Welcome Rodeo Goat

Popular DFW-based burger joint now serving up Marvin Zindler burgers in EaDo

Popular DFW-based burger joint now serving Marvin Zindler burgers

Rodeo Goat Houston Marvin Zindler burger
The Marvin Zindler features bacon, cheddar, barbecue sauce, and an onion ring. Photo by Eric Sandler
Rodeo Goat Houston patio
The expansive patio seats 200 people. Photo by Eric Sandler
Rodeo Goat Houston chocolate milkshake
Chocolate milkshake made with Blue Bell ice cream. Photo by Eric Sandler
Rodeo Goat Houston patio
The interior blends industrial and diner elements. Photo by Eric Sandler
Rodeo Goat Houston exterior
Look for the Rodeo Goat sign at the corner of Lamar and St Emanuel. Photo by Eric Sandler
Rodeo Goat Houston Marvin Zindler burger
Rodeo Goat Houston patio
Rodeo Goat Houston chocolate milkshake
Rodeo Goat Houston patio
Rodeo Goat Houston exterior

EaDo revelers and residents have a new burger option — just in time for baseball and soccer seasons.

Rodeo Goat, the Fort Worth-based burger joint, opened its Houston outpost in the East Village development that’s home to SeaSide Poke, nightlife hotspot Chapman & Kirby, and three upcoming concepts from Coltivare owners Agricole Hospitality.

Co-owner Keith Schlabs tells CultureMap that the company, which also operates the Flying Saucer craft beer bar and a seafood restaurant called Flying Fish that’s coming to The Heights later this year, had been looking for the right Houston outpost for Rodeo Goat. They chose East Village for several reasons, including EaDo’s up-and-coming status as a dining destination and the free parking lots on St. Emanuel that are available for customers of the development’s tenants.

Located in a converted warehouse, the space has been designed by company president Shannon Wynne to resemble a stock show (hence the name). The industrial look features brick walls, concrete floors, and exposed duct work. Outside, the expansive patio seats about 200 people split between three levels.

An open kitchen features an eight-foot long flat top grill that allows diners to watch the cooks in action. Landon Amis, the general manager of the Fort Worth store who’s in Houston to help the new location during opening, notes the design has another benefit.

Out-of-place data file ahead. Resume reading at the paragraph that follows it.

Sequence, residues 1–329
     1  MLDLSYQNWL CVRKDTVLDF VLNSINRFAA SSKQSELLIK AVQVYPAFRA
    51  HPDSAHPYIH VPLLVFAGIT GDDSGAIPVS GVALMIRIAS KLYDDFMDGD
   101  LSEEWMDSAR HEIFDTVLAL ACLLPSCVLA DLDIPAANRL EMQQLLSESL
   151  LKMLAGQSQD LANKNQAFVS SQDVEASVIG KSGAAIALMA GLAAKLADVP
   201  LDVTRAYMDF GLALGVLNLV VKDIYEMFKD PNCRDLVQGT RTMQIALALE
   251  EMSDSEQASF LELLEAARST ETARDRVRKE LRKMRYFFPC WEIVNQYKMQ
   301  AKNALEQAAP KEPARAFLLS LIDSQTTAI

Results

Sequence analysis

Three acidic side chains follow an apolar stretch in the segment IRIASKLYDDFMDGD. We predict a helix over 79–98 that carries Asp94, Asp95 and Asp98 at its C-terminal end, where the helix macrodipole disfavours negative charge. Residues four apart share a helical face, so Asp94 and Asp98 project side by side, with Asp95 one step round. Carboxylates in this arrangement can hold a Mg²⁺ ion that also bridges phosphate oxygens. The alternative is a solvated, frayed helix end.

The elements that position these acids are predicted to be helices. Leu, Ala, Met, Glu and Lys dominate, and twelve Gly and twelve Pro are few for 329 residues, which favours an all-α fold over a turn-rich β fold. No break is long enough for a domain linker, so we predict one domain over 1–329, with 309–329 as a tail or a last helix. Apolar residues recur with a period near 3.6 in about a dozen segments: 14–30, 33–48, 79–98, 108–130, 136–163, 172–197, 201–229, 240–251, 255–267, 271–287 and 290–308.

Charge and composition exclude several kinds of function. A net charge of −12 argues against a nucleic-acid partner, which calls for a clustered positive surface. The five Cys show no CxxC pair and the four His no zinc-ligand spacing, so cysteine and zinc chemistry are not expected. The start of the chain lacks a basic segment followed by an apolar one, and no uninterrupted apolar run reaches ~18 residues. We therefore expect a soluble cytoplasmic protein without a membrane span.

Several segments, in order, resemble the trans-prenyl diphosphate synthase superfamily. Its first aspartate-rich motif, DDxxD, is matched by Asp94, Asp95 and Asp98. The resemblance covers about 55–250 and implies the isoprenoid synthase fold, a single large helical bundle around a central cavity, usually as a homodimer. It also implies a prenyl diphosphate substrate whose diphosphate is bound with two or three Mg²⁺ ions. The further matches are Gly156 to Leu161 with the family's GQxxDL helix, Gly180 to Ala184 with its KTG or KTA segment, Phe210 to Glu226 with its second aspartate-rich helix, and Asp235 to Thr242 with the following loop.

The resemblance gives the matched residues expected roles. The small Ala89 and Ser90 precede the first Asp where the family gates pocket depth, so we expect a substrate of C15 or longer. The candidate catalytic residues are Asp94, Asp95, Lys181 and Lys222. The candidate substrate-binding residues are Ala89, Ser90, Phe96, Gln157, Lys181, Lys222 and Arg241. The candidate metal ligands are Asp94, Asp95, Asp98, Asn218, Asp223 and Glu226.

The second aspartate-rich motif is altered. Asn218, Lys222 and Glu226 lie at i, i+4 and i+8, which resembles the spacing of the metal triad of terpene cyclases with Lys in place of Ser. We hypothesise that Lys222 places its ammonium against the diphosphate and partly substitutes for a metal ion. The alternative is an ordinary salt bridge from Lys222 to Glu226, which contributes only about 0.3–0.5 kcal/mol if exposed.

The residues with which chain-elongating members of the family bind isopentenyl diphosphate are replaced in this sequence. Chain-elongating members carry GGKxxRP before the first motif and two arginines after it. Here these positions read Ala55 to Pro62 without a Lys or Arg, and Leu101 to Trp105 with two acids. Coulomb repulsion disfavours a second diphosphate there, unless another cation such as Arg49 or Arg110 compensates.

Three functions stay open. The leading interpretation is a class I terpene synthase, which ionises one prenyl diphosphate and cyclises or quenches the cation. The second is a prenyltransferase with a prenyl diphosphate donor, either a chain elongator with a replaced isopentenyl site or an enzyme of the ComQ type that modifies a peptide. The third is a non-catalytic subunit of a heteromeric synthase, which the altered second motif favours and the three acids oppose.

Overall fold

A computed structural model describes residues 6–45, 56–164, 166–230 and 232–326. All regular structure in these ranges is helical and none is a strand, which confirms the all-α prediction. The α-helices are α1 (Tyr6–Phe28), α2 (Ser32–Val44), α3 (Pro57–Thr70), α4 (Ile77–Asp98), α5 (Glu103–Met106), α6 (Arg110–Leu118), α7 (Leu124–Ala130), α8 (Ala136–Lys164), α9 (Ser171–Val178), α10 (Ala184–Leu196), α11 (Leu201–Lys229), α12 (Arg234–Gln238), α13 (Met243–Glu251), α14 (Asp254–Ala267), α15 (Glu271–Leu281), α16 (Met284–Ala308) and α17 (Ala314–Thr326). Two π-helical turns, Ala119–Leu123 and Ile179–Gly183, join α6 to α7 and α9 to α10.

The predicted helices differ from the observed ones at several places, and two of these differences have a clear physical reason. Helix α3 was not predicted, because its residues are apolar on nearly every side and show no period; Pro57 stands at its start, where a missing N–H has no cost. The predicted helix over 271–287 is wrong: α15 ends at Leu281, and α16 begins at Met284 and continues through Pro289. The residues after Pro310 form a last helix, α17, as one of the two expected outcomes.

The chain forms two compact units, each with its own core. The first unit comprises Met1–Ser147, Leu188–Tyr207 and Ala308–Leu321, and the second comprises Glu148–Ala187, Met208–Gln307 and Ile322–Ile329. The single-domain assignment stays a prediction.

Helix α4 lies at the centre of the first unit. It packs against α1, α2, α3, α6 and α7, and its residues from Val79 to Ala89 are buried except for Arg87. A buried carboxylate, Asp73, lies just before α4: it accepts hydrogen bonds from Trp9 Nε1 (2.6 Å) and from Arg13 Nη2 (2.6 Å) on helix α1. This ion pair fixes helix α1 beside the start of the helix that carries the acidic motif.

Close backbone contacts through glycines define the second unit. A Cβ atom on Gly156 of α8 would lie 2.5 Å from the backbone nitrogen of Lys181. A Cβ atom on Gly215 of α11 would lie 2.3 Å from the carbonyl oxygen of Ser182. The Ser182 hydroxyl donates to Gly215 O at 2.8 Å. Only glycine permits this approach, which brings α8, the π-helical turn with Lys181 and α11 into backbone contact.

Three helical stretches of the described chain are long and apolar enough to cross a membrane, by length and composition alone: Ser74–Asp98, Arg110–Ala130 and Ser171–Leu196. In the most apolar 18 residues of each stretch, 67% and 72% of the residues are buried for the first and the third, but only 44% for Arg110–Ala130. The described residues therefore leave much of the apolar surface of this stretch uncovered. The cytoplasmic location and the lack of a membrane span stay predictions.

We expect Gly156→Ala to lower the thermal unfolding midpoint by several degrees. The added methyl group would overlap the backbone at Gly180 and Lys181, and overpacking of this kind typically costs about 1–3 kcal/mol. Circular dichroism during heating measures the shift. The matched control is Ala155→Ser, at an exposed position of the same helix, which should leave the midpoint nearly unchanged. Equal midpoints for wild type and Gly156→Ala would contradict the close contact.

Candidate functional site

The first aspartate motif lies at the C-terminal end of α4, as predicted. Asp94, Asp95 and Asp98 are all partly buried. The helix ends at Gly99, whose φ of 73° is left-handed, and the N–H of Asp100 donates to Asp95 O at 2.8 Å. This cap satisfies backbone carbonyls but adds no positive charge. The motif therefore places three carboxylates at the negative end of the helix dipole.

“It catches your attention and excites your sense,” Amis says. “You see the kitchen and hear the sizzle. You can tell someone put a lot of thought into the details.”

Of course, the most stylish decor doesn’t matter if the food isn’t good. Rodeo Goat’s burgers start with Texas-raised beef from 44 Farms that’s hormone and antibiotic-free. Patties are ground in-house daily and served on a bun that’s toasted with coconut oil. Sauces, dressings, and a dozen different aiolis are all made from scratch. First-time visitors can sometimes feel overwhelmed by the experience.

“Watching over the years, people’s body language changes. They’re not used to burgers tasting that good,” Amis says. “I’ve heard it too many times from folks. One person told me it reminds him of the burgers he ate growing up on a cattle farm. We season it right and we pair it with some fun and interesting flavors.”

Those fun flavors come courtesy of a wide variety of creative toppings. For example, the Sugar Burger comes with grilled peaches, candied bacon, caramelized onions, arugula, and jalapeno jam. A few are named after famous Houstonians, including the Marvin Zindler (bacon, cheddar, jalapenos, fried onion ring, tomato, lettuce, and barbecue sauce) and the “330-8004” (garlic-roasted cremini mushrooms, pickled onions, gruyere, soy caramel glaze). From those adventurous toppings to a basic River Oaks C.C., all of the burgers are cooked to order, which can occasionally cause a problem when the dining room fills up.

“Customers sometimes have to wait 30 minutes for a burger,” Schlabs says. “I hope when it hits the table that it’s delicious, and the service staff has gone to the table to offer some chips and salsa while they wait.”

Also helping ease the wait are a full range of craft beers, cocktails, and milkshakes made with Blue Bell ice cream. Local breweries like Brash, 8th Wonder, Saint Arnold, Sigma and Eureka Heights are all available, as are Texas and national craft options and even a few domestic lagers. Fries and potato chips (both cut in-house) are available on the side.

Houston doesn’t lack for burger options, but the crowds lining up for Hopdoddy and Shake Shack demonstrate that the city is always willing to sample a new option. A track record of success in other Texas cities doesn’t always translate into success in the Bayou City, but a restaurant that offers a welcoming space in a rising neighborhood, friendly service, and good ingredients prepared right should lure people to check it out.


Rodeo Goat, 2118 Lamar St., Suite 102 (corner of St. Emanuel St.); Sunday through Thursday, 11 am to 11 pm, Friday and Saturday 11 am to midnight

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